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SIBO – What is it?


What is Small Intestinal Bacterial Overgrowth (AKA SIBO)

SIBO occurs when bacteria which normally reside in the large intestine, migrate into the small intestine, which can lead to gastrointestinal symptoms similar to IBS as well as systemic symptoms. The bacterial accumulation in the small intestine is not pathogenic bacteria, but rather normal gut flora which has made its way from the large intestine to the small intestine which could be due to various reasons.

Research suggests that SIBO may be the underlying cause of IBS in many cases.  

Digestive symptoms may include:

  • Abdominal pain
  • Abdominal distension
  • Bloating
  • Diarrhoea
  • Flatulence
  • Cramping
  • Constipation
  • Reflux

These symptoms occur as a result of the high osmotic activity and fermentation potential of incompletely digested and unabsorbed carbohydrates (such as FODMAPs) present in the small intestine.

Systemic symptoms may include:

  • Fatigue
  • Weight loss / weight gain
  • Concentration loss
  • Steatorrhoea
  • Nutritional deficiencies (vitamin B12, iron, calcium, magnesium, fat-soluble vitamins)

Potential causes of SIBO:

  • Anatomical abnormalities (abdo surgery)
    • Low stomach acid – long term use medications such as PPIs, narcotic medications & from ageing
    • Bile & Enzyme Deficiencies
    • Poor motility-  slow functioning of the MMC
    • Ileocecal Valve Malfunction- the valve between the small intestine and large intestine (colon) that prevents movement of bacteria from the large intestine into the small intestine.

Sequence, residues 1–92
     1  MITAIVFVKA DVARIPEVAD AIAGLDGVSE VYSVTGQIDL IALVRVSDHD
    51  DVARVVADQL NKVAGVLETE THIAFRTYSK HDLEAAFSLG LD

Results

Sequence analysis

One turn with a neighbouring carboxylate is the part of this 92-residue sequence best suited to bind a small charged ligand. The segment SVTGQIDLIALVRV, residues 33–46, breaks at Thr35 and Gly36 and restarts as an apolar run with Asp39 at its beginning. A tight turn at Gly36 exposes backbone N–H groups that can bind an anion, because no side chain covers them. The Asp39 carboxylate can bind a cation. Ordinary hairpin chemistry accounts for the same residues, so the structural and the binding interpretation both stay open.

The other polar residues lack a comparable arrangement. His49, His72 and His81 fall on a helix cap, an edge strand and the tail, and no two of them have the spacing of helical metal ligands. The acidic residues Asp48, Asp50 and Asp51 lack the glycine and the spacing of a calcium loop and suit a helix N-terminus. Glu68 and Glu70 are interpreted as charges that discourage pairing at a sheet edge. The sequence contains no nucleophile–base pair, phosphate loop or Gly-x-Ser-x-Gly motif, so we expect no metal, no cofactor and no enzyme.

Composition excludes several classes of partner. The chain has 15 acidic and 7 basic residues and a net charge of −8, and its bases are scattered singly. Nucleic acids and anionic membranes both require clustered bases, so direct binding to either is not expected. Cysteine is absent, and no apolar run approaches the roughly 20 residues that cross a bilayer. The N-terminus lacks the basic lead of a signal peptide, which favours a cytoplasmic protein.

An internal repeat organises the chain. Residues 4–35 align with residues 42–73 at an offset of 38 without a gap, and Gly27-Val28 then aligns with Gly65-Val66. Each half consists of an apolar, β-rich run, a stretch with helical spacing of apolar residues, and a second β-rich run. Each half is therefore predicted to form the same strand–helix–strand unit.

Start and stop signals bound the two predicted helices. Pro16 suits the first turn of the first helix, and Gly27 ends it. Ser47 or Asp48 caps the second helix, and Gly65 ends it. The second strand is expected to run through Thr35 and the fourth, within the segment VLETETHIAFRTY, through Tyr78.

• Immunodeficiency syndrome – disorders that supress the immune system (AIDS / IgA antibody deficiency)
    • Coeliac disease
    • Alcoholism – chronic consumption appears to increase risk
    • Gastroparesis – overlap in symptoms and those with gastroparesis appear more likely to have SIBO

Diagnosing SIBO:

Hydrogen-Methane Breath Tests are commonly used to diagnose SIBO. There are two types of breath tests used- Lactu-lose Breath Tests and Glucose Breath Tests. Both of these tests measure the concentration of hydrogen and methane in the breath. Malabsorption occurs when a large amount of hydrogen or methane is produced (by bacteria) in the first two hours or so after ingesting the sugar. This indicates that SIBO is present as fermentation should not be occurring this early on in the gastrointestinal tract. However, the accuracy and validity of these breath test results is not clear. Here at Stream Diagnostics we can test for SIBO using our Hydrogen-Methane Breath testing. If you want to know more about this test and see if it’s right for you, give us a call today!